Kaposi’s sarcoma

Kaposi’s sarcoma got its name from the Hungarian dermatologist who first described the disease in 1872.

The prevalence of the disease is not so great, but among HIV patients, it reaches 60-80%. In these patients, sarcoma is the most common malignant entity.

According to the data of a clinical study conducted in men, the disease is diagnosed about 8 times more often in men than in women.

The risk groups in which the development of sarcoma is most likely are: HIV-infected men, elderly Mediterranean males, Central African ethnic groups, organ transplant recipients or patients on long-term immunosuppressive therapy.

What are the symptoms?

Most often, the disease begins with the appearance of violet-blue spots on the skin, in which rounded discs form.

In some cases, sarcoma begins with the appearance of papules on the skin that look like flat lichen. The nodes gradually grow, reaching the size of a walnut or walnut.

They have a dense, elastic consistency and a scaly surface, and in most cases veins are also visible. The nodes cause pain to the patient, which increases when pressure is applied to them.

Over time, spontaneous nodule resorption is possible, forming scars in the form of a hyperpigmented depression.

There are 4 clinical variants of sarcoma – classic, epidemic, endemic immunosuppressive.

The classical form is widespread in the countries of Central and Eastern Europe. Its typical localization is the lateral surface of the knees, hands and feet.

It is characterized by a clear outline and symmetry of the tumor lesions, absence of subjective symptoms, and only in some cases patients may feel burning and itching.

In this form, mucosal lesions are rarely observed. There are 3 clinical stages of the disease: spotted, papular and tumorous.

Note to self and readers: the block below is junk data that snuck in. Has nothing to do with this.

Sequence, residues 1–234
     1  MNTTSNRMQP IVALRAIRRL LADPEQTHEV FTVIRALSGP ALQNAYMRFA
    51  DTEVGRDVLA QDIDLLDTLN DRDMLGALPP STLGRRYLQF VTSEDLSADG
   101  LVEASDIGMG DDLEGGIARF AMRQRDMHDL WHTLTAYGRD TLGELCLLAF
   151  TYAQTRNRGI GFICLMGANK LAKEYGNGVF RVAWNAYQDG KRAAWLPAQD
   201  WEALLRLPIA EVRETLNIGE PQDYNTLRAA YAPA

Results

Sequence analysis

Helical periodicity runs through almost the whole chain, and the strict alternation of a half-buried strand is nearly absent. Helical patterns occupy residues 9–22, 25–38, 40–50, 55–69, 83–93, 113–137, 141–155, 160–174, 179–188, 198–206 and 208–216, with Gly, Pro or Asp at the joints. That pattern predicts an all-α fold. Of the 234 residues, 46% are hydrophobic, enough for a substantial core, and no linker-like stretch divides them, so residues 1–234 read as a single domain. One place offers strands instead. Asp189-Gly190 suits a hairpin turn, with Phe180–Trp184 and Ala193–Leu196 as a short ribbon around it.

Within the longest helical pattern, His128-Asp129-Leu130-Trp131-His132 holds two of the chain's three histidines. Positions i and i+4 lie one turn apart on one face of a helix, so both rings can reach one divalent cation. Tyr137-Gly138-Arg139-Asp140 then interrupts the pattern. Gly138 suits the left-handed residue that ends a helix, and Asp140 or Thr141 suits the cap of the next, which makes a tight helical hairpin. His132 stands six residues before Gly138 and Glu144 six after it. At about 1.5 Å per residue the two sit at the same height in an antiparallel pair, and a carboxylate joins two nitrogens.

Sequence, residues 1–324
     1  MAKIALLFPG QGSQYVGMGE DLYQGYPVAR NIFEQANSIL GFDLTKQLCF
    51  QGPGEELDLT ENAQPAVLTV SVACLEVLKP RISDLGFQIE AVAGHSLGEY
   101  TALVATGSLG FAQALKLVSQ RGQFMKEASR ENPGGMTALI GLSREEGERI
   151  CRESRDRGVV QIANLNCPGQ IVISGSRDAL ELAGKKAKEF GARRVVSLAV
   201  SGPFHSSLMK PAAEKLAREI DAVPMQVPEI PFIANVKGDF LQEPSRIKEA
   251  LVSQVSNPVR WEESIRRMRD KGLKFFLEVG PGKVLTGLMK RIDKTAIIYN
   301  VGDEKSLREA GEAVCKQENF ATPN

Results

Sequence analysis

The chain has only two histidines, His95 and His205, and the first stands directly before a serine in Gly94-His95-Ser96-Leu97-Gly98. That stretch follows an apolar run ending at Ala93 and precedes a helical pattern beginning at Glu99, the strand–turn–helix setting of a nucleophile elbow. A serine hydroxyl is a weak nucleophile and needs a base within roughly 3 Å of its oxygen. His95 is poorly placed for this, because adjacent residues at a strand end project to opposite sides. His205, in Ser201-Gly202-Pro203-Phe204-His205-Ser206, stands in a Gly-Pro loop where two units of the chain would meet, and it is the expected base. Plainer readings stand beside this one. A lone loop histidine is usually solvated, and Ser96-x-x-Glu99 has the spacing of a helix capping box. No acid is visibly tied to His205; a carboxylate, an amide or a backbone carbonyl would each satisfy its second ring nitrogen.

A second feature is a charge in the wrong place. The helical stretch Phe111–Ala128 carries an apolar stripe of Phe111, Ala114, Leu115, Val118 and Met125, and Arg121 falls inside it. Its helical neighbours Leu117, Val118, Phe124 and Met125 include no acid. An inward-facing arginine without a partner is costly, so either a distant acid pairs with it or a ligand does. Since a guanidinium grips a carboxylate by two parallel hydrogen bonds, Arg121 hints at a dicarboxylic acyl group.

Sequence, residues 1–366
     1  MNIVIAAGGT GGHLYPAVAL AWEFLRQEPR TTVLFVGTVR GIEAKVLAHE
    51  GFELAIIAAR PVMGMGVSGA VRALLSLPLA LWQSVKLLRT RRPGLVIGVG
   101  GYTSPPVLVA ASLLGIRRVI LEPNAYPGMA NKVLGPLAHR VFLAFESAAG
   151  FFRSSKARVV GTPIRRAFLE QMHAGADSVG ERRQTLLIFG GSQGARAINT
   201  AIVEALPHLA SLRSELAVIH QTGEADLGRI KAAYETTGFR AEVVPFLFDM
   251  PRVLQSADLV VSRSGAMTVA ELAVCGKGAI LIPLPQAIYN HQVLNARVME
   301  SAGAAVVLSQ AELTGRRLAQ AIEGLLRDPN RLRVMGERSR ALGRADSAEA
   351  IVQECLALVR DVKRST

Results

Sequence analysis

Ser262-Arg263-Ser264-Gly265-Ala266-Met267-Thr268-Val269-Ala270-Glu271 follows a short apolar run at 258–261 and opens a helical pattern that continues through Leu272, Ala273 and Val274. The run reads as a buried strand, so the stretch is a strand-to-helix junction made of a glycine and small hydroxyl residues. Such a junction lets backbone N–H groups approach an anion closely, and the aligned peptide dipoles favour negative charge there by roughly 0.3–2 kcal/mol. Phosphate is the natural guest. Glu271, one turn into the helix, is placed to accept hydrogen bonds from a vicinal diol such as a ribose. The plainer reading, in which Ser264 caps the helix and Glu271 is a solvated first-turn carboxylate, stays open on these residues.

What are the causes?

Medical science still does not know the reasons for the development of the disease and its pathogenesis.

It often develops against the background of other malignant diseases: mycosis fungoides, Hodgkin’s disease, lymphosarcoma, multiple myeloma.

The last 5 confirm the connection of the clinical condition with the presence in the body of specific antibodies formed during infection with the herpes virus type 8.

Infection with the virus can take place sexually, through blood or saliva.

To date, scientists have been able to identify cytokines that have a stimulating effect on cellular structures in the disease.

These include FGF – fibroblast growth factor, IL-6 – interleukin 6, TGFβ – transforming growth factor. In the occurrence of tumors in people with AIDS, greater importance is attached to oncostatin.

The disease is not quite an ordinary malignant disease.

Weak mitotic activity, dependence of the process on the immune status of the patient, multicentric development, the possibility of reversing the development of tumors, the absence of cell atypia and histological detection of signs of inflammation confirm the assumption that in the beginning of its occurrence, Kaposi’s sarcoma is itself a reactive process, and not a true sarcoma.

Treatment of Kaposi’s sarcoma

Interferons α-2a, α-2b and β are successfully used in the treatment of classical and epidemic forms.

They inhibit the proliferation of fibroblasts and are able to induce apoptosis of cancer cells.

Local treatment of sarcoma includes cryotherapy, injection of chemotherapeutic preparations and interferon into the tumor, administration of dinitrochlorobenzene and prospidin in the form of ointments.

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